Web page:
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[klangk] /klæŋk/
a sharp, hard, nonresonant sound, like that produced by two pieces of metal striking, one against the other:
the clank of chains; the clank of an iron gate slamming shut.
verb (used without object)
to make such a sound.
to move with such sounds:
The old jalopy clanked up the hill.
verb (used with object)
to cause to make a sharp sound, as metal in collision:
He clanked the shovel against the pail.
to place, put, set, etc., with a clank:
to clank the cell door shut.
Origin of clank
First recorded in 1605-15, clank is from the Dutch word klank sound
Related forms
clankingly, adverb
clankingness, noun
clankless, adjective Unabridged
Based on the Random House Dictionary, © Random House, Inc. 2018.
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Examples from the Web for clank
Contemporary Examples
Historical Examples
  • There was trouble in that place—moaning, splashing, gurgling, and the clank of machinery.

    American Notes Rudyard Kipling
  • The clank of the iron chain in the gear told that the cage in the shaft was working.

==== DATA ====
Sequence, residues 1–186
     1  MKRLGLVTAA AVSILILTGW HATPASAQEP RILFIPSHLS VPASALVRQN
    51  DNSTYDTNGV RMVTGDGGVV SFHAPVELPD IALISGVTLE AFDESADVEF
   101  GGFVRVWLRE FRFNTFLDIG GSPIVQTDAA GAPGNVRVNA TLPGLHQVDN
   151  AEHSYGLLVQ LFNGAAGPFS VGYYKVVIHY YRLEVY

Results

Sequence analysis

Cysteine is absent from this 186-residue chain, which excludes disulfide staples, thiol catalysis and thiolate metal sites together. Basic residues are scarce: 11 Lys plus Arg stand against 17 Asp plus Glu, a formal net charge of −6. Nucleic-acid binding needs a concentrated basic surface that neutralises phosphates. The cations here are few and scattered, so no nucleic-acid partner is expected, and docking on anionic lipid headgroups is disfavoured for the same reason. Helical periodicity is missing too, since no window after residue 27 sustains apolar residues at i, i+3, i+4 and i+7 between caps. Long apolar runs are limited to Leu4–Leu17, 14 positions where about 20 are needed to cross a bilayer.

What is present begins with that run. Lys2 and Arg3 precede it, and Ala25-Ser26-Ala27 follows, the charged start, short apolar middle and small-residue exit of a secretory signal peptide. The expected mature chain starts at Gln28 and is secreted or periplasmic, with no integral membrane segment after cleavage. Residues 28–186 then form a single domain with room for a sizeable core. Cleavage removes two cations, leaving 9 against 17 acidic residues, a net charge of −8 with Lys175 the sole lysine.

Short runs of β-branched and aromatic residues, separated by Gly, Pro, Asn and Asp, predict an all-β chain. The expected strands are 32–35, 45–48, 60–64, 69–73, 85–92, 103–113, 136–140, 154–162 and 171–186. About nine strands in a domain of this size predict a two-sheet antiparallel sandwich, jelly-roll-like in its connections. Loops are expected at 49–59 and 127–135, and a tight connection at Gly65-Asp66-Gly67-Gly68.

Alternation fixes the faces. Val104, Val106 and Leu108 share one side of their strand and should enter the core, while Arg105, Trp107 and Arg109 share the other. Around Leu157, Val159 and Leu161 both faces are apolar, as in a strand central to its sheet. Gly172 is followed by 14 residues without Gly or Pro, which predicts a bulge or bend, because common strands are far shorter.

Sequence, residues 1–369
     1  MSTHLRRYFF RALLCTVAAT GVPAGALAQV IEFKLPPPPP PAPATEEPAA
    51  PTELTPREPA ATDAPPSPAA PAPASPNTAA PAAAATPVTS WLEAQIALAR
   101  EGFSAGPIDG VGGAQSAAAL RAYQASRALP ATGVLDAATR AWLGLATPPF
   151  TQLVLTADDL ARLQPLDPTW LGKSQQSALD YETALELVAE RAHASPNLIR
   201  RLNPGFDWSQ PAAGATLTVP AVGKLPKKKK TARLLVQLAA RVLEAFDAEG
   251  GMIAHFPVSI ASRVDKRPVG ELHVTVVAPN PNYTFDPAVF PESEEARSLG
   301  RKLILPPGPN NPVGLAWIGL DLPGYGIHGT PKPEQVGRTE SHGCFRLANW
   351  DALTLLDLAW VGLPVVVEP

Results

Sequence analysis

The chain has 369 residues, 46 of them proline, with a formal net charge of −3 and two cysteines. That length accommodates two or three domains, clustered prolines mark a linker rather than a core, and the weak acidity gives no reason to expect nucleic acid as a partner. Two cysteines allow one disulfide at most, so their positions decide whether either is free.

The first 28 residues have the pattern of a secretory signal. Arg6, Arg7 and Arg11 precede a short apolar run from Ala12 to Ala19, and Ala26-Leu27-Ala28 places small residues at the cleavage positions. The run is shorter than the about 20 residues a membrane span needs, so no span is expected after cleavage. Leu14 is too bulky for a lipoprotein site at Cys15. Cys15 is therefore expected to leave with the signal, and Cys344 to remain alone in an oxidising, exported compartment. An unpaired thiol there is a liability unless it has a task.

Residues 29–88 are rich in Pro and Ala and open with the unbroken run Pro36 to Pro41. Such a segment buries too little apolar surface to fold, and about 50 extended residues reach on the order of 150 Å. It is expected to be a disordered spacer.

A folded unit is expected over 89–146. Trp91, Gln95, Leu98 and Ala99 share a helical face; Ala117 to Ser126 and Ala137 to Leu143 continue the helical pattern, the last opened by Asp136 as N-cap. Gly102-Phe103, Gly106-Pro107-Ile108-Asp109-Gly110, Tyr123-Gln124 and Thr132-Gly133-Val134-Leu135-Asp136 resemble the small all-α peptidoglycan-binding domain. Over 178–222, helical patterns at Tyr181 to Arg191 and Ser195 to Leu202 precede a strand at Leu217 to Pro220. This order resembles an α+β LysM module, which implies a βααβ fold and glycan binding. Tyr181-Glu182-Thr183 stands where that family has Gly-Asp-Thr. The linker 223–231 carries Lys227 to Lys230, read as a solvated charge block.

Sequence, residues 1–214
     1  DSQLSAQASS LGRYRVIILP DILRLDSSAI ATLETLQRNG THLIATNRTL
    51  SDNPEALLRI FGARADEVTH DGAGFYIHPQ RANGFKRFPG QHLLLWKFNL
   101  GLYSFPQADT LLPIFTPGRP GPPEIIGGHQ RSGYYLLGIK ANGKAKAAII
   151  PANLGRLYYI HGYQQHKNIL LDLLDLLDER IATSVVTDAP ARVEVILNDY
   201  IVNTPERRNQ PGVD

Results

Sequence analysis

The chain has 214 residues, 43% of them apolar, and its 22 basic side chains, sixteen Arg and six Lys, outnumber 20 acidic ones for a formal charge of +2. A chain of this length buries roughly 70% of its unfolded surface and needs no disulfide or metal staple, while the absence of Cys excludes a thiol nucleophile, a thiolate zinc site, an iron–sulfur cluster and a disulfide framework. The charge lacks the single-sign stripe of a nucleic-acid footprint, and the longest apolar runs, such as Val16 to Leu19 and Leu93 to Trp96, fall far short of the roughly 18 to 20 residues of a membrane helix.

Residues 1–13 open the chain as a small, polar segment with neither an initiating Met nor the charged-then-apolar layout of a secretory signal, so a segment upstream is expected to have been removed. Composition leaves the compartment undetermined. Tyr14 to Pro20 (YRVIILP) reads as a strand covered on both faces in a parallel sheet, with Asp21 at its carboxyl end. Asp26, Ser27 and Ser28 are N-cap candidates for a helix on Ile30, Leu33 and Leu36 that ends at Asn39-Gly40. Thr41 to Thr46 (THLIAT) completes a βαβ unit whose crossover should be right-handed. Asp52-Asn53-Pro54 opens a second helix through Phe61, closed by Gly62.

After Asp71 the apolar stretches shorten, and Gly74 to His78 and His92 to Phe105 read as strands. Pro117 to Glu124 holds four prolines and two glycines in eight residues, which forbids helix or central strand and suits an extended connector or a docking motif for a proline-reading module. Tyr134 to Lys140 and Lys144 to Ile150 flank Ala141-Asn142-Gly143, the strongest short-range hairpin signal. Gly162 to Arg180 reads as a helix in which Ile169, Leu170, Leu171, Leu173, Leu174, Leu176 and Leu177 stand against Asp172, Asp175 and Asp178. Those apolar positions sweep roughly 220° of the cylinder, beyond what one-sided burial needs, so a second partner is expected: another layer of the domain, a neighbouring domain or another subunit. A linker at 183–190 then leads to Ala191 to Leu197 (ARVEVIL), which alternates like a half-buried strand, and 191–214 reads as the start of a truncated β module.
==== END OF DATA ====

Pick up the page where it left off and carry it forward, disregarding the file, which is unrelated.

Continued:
A Son of Hagar

    Sir Hall Caine
  • Behind them now came the clank and thud of a score of overtaking feet.

  • Voices and the clank of chains were heard in the patio, and then in the next room.

    The Treasure Trail Marah Ellis Ryan
  • The shuffling movement and clank of chains was heard, but she did not turn her head.

    The Treasure Trail Marah Ellis Ryan
  • The bell was rung violently—every clank sent a pang through her bosom.

    The O'Donoghue Charles James Lever
  • "But not here," he added, hearing the clank of the verger's keys.

  • The groan of breaking hearts is there—The falling lash—the fetter's clank!

    The Liberty Minstrel George W. Clark
  • At a hundred yards I gave the signal, and heard the clank and swish of the discharge.

    Danger! and Other Stories Arthur Conan Doyle
British Dictionary definitions for clank


an abrupt harsh metallic sound
to make or cause to make such a sound
(intransitive) to move or operate making such a sound
Derived Forms
clankingly, adverb
Word Origin
C17: of imitative origin
Collins English Dictionary - Complete & Unabridged 2012 Digital Edition
© William Collins Sons & Co. Ltd. 1979, 1986 © HarperCollins
Publishers 1998, 2000, 2003, 2005, 2006, 2007, 2009, 2012
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Word Origin and History for clank

1610s, perhaps echoic, perhaps a blend of clang (v.) and clink (v.), perhaps from a Low German source (cf. Middle Dutch clank, Dutch klank, Old High German klanc, Middle Low German klank, German Klang).


1650s, from clank (v.). Reduplicated form clankety-clank attested from 1895.

Online Etymology Dictionary, © 2010 Douglas Harper
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